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House Speaker McCarthy outlines plan to lift the nation's credit limit for a year

LEILA FADEL, HOST:

A top priority for Congress is tackling a looming deadline on the debt ceiling.

A MARTÍNEZ, HOST:

House Speaker Kevin McCarthy addressed the issue yesterday during a speech at the New York Stock Exchange.

(SOUNDBITE OF ARCHIVED RECORDING)

KEVIN MCCARTHY: Debt limit negotiations are an opportunity to examine our nation's finances.

MARTÍNEZ: But actual negotiations between McCarthy and the White House remain stalled.

FADEL: Here to talk us through this is NPR congressional reporter Barbara Sprunt. Hi, Barbara.

BARBARA SPRUNT, BYLINE: Hi. Good morning.

FADEL: Good morning. So for starters, give us some context to the debt limit itself and how we got here.

SPRUNT: So zooming way out, the debt limit isn't about future spending. It's about meeting the cost of existing commitments the federal government has made. And it's something that can feel a bit like Groundhog Day because when the debt ceiling is approached, Congress has to address it in some way. And that's what's happening now. In January, the U.S. hit its debt limit. The Treasury Department employed what it calls extraordinary measures to essentially act as a Band-Aid for a couple of months. But that will run out in early summer. If Congress fails to raise the debt limit before then, it could lead to an unprecedented debt default.

FADEL: So a lot at stake here. McCarthy talked about this during his speech. And he called the debt a, quote, "ticking time bomb." What's his plan?

SPRUNT: Well, McCarthy said the House will vote in the coming weeks on a bill that would reduce federal spending levels to those in 2022, limit the growth of spending over the next 10 years to 1% annually and raise the debt limit into 2024, which I should point out could cause lawmakers to have to negotiate this whole thing again smack dab in the middle of the presidential primary season. McCarthy said House Republicans would also add work requirements for adults without dependents who are enrolled in various federal assistance programs, like food stamps. McCarthy was very careful to add that the bill wouldn't touch Social Security and Medicare, two programs that are very popular.

This speech comes as negotiations between the speaker and the president have stalled. The pair met in February. And McCarthy laid the blame for the impasse at Biden's feet. Biden has remained adamant that he wants to sign a clean debt ceiling bill, so one that's completely separate from any legislation on spending cuts. But it's worth noting that McCarthy is marking his first hundred days as speaker. And if we cast back to earlier this year, you'll remember there was a very long series of votes to secure enough support for him to become speaker. And one of the demands from lawmakers who initially withheld their support was that the House not vote on a standalone measure to lift the debt limit.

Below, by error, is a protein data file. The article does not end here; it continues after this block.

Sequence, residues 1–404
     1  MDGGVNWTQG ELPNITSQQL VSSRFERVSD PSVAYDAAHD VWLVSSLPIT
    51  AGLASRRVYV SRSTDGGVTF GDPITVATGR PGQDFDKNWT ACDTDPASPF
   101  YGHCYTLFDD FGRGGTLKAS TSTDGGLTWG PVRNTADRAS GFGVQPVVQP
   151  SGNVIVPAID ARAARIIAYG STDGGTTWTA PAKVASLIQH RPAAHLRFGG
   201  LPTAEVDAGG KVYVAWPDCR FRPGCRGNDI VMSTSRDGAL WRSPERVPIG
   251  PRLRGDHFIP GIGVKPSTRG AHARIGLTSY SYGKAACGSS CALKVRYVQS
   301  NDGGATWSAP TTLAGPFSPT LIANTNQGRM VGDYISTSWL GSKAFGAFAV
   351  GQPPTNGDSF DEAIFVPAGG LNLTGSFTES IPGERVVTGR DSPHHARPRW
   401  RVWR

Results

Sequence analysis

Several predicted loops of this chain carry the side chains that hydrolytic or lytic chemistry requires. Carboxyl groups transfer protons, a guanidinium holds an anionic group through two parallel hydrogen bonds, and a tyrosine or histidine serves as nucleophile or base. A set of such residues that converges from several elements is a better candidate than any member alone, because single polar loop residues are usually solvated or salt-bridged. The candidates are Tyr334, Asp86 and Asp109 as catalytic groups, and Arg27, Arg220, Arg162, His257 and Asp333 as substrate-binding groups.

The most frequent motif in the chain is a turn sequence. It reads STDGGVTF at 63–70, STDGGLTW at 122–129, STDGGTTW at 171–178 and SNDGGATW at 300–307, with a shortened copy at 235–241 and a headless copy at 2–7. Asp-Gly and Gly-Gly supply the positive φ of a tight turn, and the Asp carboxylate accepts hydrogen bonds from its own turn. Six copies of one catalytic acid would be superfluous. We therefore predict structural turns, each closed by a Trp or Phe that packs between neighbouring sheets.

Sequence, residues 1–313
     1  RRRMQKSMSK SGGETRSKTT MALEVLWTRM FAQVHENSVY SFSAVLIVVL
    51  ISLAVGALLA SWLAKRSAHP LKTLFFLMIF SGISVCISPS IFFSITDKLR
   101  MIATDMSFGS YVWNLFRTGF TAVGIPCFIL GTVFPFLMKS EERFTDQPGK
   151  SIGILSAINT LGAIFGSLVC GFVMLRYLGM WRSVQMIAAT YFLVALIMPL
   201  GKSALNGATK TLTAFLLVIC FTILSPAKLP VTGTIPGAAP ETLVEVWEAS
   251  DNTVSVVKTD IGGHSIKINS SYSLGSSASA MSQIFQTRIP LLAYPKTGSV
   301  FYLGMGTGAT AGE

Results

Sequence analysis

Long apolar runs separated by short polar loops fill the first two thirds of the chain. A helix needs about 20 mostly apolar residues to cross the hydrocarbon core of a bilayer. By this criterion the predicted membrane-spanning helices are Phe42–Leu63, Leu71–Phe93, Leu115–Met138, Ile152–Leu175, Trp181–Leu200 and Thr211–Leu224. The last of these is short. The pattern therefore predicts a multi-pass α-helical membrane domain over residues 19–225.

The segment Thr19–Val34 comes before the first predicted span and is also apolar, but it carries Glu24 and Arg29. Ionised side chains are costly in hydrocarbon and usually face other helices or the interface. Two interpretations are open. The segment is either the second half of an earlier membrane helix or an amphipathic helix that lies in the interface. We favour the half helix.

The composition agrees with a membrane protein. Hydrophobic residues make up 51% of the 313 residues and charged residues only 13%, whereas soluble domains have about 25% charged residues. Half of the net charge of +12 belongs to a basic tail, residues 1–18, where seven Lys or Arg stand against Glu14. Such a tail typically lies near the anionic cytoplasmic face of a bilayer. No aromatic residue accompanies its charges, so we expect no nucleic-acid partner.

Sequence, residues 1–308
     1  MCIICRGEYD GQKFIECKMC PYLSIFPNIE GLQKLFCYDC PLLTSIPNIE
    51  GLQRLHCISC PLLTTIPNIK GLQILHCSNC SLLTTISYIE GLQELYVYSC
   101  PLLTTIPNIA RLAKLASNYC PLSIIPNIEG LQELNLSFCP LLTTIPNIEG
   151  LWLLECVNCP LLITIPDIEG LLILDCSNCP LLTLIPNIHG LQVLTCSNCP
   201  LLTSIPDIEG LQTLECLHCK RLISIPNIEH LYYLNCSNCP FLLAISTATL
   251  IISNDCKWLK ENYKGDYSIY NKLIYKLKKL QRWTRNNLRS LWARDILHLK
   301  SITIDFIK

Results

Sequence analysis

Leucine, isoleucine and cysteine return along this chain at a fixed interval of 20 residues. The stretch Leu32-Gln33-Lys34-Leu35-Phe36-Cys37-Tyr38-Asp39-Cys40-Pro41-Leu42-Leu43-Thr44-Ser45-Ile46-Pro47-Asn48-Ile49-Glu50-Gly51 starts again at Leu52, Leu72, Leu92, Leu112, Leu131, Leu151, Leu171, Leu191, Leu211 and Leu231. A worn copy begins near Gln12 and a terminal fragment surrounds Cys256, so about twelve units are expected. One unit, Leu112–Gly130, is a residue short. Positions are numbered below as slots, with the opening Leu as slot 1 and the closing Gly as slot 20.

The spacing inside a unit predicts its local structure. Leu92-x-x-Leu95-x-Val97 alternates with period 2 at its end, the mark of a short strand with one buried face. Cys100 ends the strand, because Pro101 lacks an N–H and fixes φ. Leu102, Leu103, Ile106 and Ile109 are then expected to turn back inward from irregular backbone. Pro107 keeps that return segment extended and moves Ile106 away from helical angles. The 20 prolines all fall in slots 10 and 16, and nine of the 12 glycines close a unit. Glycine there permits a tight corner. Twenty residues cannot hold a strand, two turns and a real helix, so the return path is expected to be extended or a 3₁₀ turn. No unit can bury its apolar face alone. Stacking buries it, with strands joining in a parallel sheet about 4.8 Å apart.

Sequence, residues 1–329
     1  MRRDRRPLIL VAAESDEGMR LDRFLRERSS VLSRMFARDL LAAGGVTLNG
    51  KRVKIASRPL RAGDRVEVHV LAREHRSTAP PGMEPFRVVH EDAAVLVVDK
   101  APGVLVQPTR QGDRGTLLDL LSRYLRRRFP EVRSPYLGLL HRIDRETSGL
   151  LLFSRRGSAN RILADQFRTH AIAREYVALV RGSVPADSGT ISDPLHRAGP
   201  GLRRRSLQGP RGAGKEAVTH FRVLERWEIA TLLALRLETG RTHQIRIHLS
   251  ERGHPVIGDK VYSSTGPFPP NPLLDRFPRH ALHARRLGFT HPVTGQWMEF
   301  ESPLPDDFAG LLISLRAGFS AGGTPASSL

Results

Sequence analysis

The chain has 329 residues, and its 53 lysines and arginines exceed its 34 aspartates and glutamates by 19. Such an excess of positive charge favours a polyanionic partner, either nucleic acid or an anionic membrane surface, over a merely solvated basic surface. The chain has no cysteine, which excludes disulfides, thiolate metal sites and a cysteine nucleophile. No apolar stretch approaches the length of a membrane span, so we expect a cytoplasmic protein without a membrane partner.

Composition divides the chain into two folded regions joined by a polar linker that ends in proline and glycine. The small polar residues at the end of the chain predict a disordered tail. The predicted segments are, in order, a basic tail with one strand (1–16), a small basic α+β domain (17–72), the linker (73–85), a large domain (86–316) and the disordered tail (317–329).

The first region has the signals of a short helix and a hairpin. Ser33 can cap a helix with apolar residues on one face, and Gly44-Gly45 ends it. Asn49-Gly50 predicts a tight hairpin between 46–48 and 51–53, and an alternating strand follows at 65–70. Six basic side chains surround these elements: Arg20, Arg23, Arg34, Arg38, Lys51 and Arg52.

FADEL: Yeah. So McCarthy's walking a fine line with various GOP factions here, right?

SPRUNT: Well, it seems like something that could prove to be difficult for McCarthy. His slim majority means he can afford to lose only a handful of Republicans. And even if the bill were passed, it would still be dead on arrival in the Democratic-controlled Senate. But the thinking is if it can pass the House, it might bring Biden back to the negotiating table.

FADEL: OK. So this is troubling, the two parties basically nowhere on what to do about the debt limit. What are Democrats saying?

SPRUNT: Well, Senate Majority Leader Chuck Schumer has repeatedly said that Republicans should work alongside Democrats to avert this crisis, which he points out they did under the Trump administration.

(SOUNDBITE OF ARCHIVED RECORDING)

CHUCK SCHUMER: The discussion about cuts belongs in the discussion about budget, not as a precondition for avoiding default.

SPRUNT: After McCarthy's speech, White House spokesperson Andrew Bates said in a statement that the speaker didn't clearly outline an exact proposal, and said McCarthy is holding the economy hostage.

FADEL: NPR congressional reporter Barbara Sprunt. Barbara, thanks.

SPRUNT: Thank you. Transcript provided by NPR, Copyright NPR.

Leila Fadel is a national correspondent for NPR based in Los Angeles, covering issues of culture, diversity, and race.
Barbara Sprunt is a producer on NPR's Washington desk, where she reports and produces breaking news and feature political content. She formerly produced the NPR Politics Podcast and got her start in radio at as an intern on NPR's Weekend All Things Considered and Tell Me More with Michel Martin. She is an alumnus of the Paul Miller Reporting Fellowship at the National Press Foundation. She is a graduate of American University in Washington, D.C., and a Pennsylvania native.